RALEIGH — A company cited for questionable contract dealings in a recent state audit of the N.C. Alcoholic Beverage Control Commission in 2015 paid a civil settlement of $7.8 million under federal allegations of fraud.
The U.S. Department of Justice alleged the company fraudulently obtained financial assistance through the Small Business Administration.
The Business Development Program for Small Disadvantaged Businesses, housed under the SBA, offers support to small companies in financial distress. LB&B sought certification under the program, falsely claiming hardship under one of its principal owners, Lily Brandon. Brandon qualified as a socially and economically disadvantaged person — but allegedly didn’t, as the company claimed, control operations of LB&B.
Brandon’s lack of involvement disqualified the company from collecting contracts under the program.
LB&B, a North Carolina corporation headquartered in Maryland, has also come under state scrutiny in an audit revealing $13.5 million in bloated spending since 2007.
Released Aug. 9, the audit found poor contract administration cost North Carolina taxpayers at least $11.3 million over 13 years. Unused warehouse space potentially cost the state $2.1 million over seven years, and a lack of monitoring left the state underpaid by at least $297,537 over two years.
The ABC erred in its responsibility to follow state policies and state practices, the Office of State Auditor Beth Wood says in the news release. The ABC, the audit concludes, failed to administer the warehouse contract in the best interest of the state.
LB&B was an instrument of the ABC’s negligence, Wood said. The company for years collected extra compensation from ABC without documentation or proof.
The company specializes in facilities management, logistics, and training operations. Since 2004 it has contracted with the state to provide warehouse and distribution services.
“Whatever they asked for, they got. Without any question, without any verification, without any consultation or proof or justification,” Wood said.
“And in some cases what they said was their reasoning was not true. In 2008 they asked for an increase the next year, and said it was due to price increases for their fuel. When we examined their fuel cost, it actually went down. Same thing in 2016. When we examined it, it had gone down.”
LB&B, in a response to the audit, said it was “disappointed” by the report, which, it said, failed to recognize the correct statutory authority as mandated to the ABC by the General Assembly “and improperly attributed excessive costs and underpayments to the contract.”
Carolina Journal phoned and emailed ABC officials, asking if the commission was aware of the 2015 fraud allegations against LB&B — or of the company’s $7.8 million settlement. No one at ABC knew of the situation, said spokeswoman Agnes Stevens.
“The other business relationships that the vendor has are not matters that we would have any reason to know details about,” Stevens said.
LB&B “expressly denies all allegations in the lawsuit that it, its affiliates, or its officers or employees violated the False Claims Act or otherwise acted improperly with respect to any government contracts,” the company stated in a July 6, 2015, press release.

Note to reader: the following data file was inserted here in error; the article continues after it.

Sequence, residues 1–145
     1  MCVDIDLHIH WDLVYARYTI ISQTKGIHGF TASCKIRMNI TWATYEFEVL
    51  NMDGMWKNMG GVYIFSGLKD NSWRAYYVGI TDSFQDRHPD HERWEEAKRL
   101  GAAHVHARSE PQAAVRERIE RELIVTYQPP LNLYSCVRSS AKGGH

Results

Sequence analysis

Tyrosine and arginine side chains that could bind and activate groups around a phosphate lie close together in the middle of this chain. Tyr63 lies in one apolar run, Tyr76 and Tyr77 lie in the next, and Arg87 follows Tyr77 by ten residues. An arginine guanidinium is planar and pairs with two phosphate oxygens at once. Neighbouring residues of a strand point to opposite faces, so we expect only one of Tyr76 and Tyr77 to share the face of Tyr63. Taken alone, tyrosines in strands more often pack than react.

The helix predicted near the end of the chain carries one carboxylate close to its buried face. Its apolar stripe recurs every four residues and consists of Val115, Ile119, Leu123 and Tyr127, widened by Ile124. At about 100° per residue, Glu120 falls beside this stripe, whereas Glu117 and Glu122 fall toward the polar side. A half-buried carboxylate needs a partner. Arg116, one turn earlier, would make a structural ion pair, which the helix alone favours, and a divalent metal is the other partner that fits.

Another reason for the settlement was the poor health of the company’s founders, said LB&B spokesman Edward Green.
Though the claims resolved by the settlement were allegations only, and no determination of liability was made, LB&B’s actions undermined legitimate small and disadvantaged businesses, said acting U.S. Attorney Vincent Cohen Jr. in a July 6, 2015, press release from the U.S. Department of Justice.
Two former LB&B employees, Steven Sansbury and James Buechler, blew the whistle and in 2004 filed a lawsuit on behalf of the government.
“This $7.8 million settlement demonstrates our commitment to protecting the integrity of this important program,” Cohen said. “We will do all that we can to act against those who illegitimately bill the American taxpayers.”
N.C. ABC chairman A.D. Zander Guy, in his response to the audit, said plans are under way to place the warehouse contract up for bid in 2020 and become effective when the current contract expires in 2021.
But, Guy says, he was appointed only last year and “the majority, if not all of your review period, was before my tenure as chair.”
Yet Guy has a history with the state ABC during the period LB&B was reportedly overcharging state taxpayers. In 2009, he was first appointed to the commission and served until 2013. He was chairman from February 2012 to February 2013.
Gov. Roy Cooper last year named Guy to replace Jim Gardner, who was appointed by former Republican Gov. Pat McCrory.
Guy was most recently the mayor of Surf City, which straddles Pender and Onslow counties. In 1990 he served three months in prison on charges of fraudulently billing clients of his insurance agency for nearly $16,000, the News & Observer reported. Gov. Jim Martin commuted his three-year and later pardoned him.
Guy’s father, A.D. Guy, was a former state senator, the Raleigh paper reported. In 2009, Zander Guy told the N&O, “‘I’m ashamed of that [crime] and I can’t change it.’”
Guy will make $113,456 as commission chair, the Star-News of Wilmington reported.
Guy accepted the finding and says he takes the audit seriously and will implement changes accordingly. He says the commission has already implemented additional controls, including random spot checks of the warehouses, inspections of the inventory and operation, and ride-alongs with select deliveries to ABC boards across the state.
Kari Travis is a staff writer for Carolina Journal.